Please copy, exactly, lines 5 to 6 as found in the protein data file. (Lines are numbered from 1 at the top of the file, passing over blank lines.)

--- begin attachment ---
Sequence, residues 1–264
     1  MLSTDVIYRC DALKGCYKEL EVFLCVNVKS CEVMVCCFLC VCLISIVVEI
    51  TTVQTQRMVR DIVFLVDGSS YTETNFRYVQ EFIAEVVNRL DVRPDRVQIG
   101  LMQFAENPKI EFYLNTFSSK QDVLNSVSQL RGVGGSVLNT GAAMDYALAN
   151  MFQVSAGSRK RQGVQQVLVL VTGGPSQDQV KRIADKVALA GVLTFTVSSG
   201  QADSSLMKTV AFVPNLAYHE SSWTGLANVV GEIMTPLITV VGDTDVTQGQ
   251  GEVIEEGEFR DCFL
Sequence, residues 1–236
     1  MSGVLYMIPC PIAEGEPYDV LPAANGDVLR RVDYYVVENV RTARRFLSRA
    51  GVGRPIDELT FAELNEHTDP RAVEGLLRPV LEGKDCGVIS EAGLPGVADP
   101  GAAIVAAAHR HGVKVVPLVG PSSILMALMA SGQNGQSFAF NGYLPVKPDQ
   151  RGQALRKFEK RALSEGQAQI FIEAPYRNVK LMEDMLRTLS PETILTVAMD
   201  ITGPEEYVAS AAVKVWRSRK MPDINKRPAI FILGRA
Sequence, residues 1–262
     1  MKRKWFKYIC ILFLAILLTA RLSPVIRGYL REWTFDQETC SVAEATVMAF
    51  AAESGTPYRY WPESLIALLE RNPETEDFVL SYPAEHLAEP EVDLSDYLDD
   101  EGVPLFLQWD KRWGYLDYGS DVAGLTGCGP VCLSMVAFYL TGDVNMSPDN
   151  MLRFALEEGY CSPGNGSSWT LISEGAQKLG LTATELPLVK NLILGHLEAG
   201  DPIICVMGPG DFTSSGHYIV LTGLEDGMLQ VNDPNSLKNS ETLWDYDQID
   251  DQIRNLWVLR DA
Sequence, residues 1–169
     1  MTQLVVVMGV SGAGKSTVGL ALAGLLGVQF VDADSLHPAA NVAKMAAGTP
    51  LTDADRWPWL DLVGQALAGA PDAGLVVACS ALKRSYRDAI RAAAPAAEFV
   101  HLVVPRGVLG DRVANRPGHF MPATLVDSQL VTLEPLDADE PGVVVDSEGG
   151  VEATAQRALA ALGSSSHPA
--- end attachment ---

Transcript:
   151  MFQVSAGSRK RQGVQQVLVL VTGGPSQDQV KRIADKVALA GVLTFTVSSG
   201  QADSSLMKTV AFVPNLAYHE SSWTGLANVV GEIMTPLITV VGDTDVTQGQ